What is Natural Rubber Latex?
- A white milky fluid obtained by tapping the bark of Hevea brasiliensis trees. The latex consists about 30% of rubber hydrocarbon finely dispersed in the aqueous medium. Like all living plants, latex from rubber trees also contains growth related substances such as proteins, carbohydrates and other organic and inorganic substances, albeit in small quantities.
- The latex has to be concentrated to about 60% dry rubber content and stabilized with chemicals to maintain its fluid state. The latex concentrate is then added with vulcanizing ingredients and other chemicals so that the mixed latex compound can be converted into finished goods by either dipping, extruding, or coating process. In the manufacturing of medical gloves, the dipping process is employed.
What are the benefits of Natural Rubber Latex Gloves ?
- Natural Rubber Latex glove provides superior barrier protection against the transmission of viruses such as HIV, hepatitis B and C, and other blood-borne diseases.
- Natural Rubber Latex gloves also provide high strength and elasticity, comfort, fit and feel. All these properties of natural rubber thin film make natural rubber latex gloves, the perfect choice in glove selection.
What are the different classifications for surgical, examination and specialty gloves?
- Surgical gloves are categorized as Class II medical devices according to the European Directive MDD 2007/47/CE. The gloves are designed specifically for surgical procedures. Surgical gloves are primarily used to prevent cross contamination between surgeon to patient and vice versa during invasive medical procedures.
- Examination gloves are categorized as Class I medical device and are designed for use when conducting non-invasive medical examination, diagnostic and therapeutic procedures and for handling contaminated medical materials. Examination gloves are primarily used to prevent cross contamination.
- Specialty gloves are custom designed for protection against extreme conditions such as high risk situations and dealing with chemotherapy materials. This will be further elaborated in section on PPE.
What are the differences between examination and surgical gloves?
- Examination gloves are ambidextrous in design while surgical gloves are designed hand specific. Surgical procedures are extremely critical and require precision movements and hand Specific design enables better fit and movement.
- Examination Gloves are usually non-sterile while surgical gloves must be sterilized. The sterility of surgical gloves is essential to avoid bacteria or virus contamination to the patient wound during surgical procedures.
- Examination gloves are normally thinner and shorter length compared to surgical gloves due to the nature of procedure which is less critical (non-invasive) as compared to the more critical surgical procedure.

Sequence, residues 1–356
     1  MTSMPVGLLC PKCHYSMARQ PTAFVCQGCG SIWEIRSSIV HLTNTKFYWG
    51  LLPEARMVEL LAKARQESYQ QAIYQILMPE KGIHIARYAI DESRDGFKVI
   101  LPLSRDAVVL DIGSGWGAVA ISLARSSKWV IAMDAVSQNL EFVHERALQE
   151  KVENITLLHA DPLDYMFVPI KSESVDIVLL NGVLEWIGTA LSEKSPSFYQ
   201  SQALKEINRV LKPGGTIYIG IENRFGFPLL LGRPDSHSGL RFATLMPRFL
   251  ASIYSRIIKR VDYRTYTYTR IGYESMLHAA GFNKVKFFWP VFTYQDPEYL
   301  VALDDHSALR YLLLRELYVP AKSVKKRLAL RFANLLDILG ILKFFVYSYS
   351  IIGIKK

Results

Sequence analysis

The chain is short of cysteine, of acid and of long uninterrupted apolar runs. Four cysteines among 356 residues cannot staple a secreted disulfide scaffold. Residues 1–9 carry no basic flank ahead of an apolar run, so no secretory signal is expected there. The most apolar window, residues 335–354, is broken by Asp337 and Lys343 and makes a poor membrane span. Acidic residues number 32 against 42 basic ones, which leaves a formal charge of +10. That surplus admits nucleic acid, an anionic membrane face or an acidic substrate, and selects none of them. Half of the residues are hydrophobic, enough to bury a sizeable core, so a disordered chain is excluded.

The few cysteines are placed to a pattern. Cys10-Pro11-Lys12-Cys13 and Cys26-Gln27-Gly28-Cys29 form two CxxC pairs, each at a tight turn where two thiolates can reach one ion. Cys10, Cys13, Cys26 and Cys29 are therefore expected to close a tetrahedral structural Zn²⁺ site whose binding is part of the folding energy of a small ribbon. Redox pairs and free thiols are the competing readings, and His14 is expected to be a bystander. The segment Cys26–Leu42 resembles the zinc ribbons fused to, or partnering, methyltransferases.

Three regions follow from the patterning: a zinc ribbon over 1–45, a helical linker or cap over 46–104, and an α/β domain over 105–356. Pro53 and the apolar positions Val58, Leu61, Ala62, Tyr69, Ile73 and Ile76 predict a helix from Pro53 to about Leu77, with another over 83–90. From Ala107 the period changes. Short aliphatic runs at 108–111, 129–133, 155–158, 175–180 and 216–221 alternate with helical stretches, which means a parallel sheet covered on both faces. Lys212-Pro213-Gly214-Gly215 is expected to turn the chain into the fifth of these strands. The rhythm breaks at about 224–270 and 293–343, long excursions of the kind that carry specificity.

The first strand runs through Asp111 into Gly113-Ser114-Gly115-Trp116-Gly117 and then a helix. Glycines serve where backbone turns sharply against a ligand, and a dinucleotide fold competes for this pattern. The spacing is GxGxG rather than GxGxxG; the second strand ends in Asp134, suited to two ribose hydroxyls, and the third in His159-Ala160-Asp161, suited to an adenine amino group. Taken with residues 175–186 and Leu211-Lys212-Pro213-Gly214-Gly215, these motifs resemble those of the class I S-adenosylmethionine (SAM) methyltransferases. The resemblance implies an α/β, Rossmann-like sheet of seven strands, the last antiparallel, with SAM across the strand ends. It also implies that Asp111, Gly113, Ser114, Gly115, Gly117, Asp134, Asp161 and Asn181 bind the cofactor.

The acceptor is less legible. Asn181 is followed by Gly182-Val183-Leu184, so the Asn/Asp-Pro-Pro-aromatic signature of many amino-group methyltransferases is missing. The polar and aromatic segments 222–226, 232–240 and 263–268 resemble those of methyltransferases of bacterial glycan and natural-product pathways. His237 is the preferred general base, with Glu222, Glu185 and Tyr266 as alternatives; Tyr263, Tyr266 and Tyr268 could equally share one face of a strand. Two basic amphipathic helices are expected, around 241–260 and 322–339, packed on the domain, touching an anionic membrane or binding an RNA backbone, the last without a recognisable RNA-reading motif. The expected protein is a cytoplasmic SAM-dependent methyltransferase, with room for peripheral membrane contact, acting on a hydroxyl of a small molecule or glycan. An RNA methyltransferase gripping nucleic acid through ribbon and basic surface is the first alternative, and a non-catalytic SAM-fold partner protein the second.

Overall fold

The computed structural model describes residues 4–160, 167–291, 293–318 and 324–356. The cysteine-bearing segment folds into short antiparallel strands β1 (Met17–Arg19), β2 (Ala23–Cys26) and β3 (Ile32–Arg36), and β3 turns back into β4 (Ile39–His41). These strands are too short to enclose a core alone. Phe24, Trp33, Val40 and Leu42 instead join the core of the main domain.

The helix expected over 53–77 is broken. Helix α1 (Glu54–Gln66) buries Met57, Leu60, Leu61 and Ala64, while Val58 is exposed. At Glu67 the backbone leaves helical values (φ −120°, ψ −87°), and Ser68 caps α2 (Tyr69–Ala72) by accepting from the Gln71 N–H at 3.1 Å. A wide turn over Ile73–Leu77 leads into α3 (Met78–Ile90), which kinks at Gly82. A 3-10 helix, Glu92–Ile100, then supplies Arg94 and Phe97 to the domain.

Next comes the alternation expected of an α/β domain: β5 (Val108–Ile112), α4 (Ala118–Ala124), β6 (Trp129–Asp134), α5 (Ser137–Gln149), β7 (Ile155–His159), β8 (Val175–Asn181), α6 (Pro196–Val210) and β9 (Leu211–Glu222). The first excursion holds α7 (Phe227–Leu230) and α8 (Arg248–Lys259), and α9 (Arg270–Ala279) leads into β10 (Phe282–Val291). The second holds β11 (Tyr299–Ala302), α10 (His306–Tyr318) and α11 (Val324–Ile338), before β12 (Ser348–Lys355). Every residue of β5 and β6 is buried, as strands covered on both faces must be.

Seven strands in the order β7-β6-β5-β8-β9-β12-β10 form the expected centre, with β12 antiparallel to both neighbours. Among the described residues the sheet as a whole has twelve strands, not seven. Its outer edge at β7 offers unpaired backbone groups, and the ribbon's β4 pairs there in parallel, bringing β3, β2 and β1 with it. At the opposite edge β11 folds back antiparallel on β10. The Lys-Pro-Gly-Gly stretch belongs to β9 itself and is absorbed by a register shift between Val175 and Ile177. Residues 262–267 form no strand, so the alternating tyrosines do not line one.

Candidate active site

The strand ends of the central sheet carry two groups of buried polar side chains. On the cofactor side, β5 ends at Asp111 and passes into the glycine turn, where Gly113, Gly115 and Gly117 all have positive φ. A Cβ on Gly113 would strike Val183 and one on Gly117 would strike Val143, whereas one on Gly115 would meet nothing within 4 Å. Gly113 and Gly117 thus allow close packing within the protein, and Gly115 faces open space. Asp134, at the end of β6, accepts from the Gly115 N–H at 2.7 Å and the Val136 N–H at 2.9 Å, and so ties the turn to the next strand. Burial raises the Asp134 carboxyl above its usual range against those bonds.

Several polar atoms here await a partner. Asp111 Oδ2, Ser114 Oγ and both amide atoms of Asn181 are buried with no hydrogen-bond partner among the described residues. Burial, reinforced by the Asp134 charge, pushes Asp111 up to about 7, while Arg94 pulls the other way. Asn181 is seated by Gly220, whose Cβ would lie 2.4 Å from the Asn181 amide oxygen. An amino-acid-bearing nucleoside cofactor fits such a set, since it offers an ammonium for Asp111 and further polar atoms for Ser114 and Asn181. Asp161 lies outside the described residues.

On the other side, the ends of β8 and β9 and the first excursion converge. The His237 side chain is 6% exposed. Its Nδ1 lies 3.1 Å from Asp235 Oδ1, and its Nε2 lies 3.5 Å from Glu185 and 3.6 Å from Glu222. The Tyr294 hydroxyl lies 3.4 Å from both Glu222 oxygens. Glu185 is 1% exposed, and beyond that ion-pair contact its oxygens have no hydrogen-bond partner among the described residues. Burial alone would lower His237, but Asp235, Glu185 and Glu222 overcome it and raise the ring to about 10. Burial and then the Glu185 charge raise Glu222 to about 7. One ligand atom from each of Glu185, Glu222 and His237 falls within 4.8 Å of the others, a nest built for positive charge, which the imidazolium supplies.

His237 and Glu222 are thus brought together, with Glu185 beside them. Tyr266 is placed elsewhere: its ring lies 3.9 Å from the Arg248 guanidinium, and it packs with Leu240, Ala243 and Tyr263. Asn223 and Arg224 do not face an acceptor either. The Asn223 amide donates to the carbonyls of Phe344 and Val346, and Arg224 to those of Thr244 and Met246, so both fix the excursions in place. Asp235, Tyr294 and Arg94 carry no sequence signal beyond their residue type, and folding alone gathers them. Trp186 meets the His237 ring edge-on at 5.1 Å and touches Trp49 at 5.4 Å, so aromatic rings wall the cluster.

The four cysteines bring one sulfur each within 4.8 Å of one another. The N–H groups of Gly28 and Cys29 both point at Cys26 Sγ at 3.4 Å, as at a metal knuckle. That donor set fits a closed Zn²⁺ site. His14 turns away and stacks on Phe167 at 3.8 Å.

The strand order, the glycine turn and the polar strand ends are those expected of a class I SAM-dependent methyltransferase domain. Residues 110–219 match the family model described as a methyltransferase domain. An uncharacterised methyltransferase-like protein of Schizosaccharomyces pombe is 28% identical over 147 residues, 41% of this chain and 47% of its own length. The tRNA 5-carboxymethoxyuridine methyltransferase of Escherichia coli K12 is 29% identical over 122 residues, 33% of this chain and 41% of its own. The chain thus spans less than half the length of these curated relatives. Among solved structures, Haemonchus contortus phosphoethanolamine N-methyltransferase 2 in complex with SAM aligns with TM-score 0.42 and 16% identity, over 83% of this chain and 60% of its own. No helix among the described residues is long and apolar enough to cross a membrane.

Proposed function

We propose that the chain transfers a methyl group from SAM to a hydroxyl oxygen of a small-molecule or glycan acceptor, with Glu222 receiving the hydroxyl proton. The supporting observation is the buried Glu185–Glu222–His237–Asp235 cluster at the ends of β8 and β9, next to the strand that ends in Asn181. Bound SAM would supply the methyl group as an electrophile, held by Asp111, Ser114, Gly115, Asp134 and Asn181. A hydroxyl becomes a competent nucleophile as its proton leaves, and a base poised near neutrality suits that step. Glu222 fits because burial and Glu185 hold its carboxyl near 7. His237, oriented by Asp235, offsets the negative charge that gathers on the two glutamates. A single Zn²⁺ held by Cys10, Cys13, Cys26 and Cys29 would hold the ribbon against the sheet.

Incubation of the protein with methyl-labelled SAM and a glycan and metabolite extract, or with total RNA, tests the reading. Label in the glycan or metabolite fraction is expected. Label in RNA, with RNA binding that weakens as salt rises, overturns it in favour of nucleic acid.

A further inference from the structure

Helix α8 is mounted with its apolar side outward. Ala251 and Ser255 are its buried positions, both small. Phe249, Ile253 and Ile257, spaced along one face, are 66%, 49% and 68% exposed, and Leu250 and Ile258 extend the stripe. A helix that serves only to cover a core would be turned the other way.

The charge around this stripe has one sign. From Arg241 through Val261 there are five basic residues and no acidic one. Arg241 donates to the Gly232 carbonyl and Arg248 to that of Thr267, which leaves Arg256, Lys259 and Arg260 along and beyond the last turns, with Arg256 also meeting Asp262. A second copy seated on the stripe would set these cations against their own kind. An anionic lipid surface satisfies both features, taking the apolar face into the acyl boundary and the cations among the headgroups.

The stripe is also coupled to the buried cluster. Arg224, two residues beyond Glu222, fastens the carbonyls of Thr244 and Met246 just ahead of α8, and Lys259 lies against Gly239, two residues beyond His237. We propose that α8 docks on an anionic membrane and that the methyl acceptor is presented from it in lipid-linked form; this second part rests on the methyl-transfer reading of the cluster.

When should medical-grade gloves be worn?
- Due to the AIDS epidemic, the US recommended a strategy in 1985, known as universal precautions. The purpose of these precautions is to protect healthcare workers from exposure to blood and other body fluids from patients infected with bloodborne pathogens.
- Hence, medical-grade gloves should be worn whenever there is a probability of hand contact with skin, blood, mucous membranes, body fluids as well as cleaning and disposal of infectious materials and equipment. Healthcare workers are advised to change gloves after contact with each patient and do not reuse gloves.
How often should you change gloves?
- Between patients
- Between procedures
- If gloves become contaminated/prolonged contact with blood/body fluids
- Going to a clean site after working on a contaminated site
- If gloves are torn, cut or punctured
- Sterile gloves are contaminated by touching something non – sterile
- If gloves have been in contact with oils
- Gloves should be changed often during lengthy procedures
What are the Dos and Don’ts of glove use?
- Ensure hands are properly washed before and after donning gloves.
- Medical gloves are recommended for single use and should be immediately disposed after use.
- Do not leave gloves on along hallways or outside the examined area, as the gloves might contaminate or contract infectious agents along the way.
- Proper glove size and fitting is important. Tight fitted gloves will restrain movements resulting to hand fatigue while overlarge size gloves will affect dexterity causing spillage and error in precision.
- Gloves should not be stored under high temperatures as this will evidently cause product degradation.
- Always remember to remove gloves when handling office equipment and stationary to avoid contamination.
- During prolonged procedures, gloves should be changed periodically.
- Select proper glove characteristics for intended application such as grip, length, thickness, primary material, dexterity, cuff type, physical properties, surface treatment or coating, resistance to biological and mechanical hazards.
- Avoid direct immersion and prolonged exposure of gloves during handling of biological hazards.
- Double gloving provides a secondary line of defense against contracting infectious agents.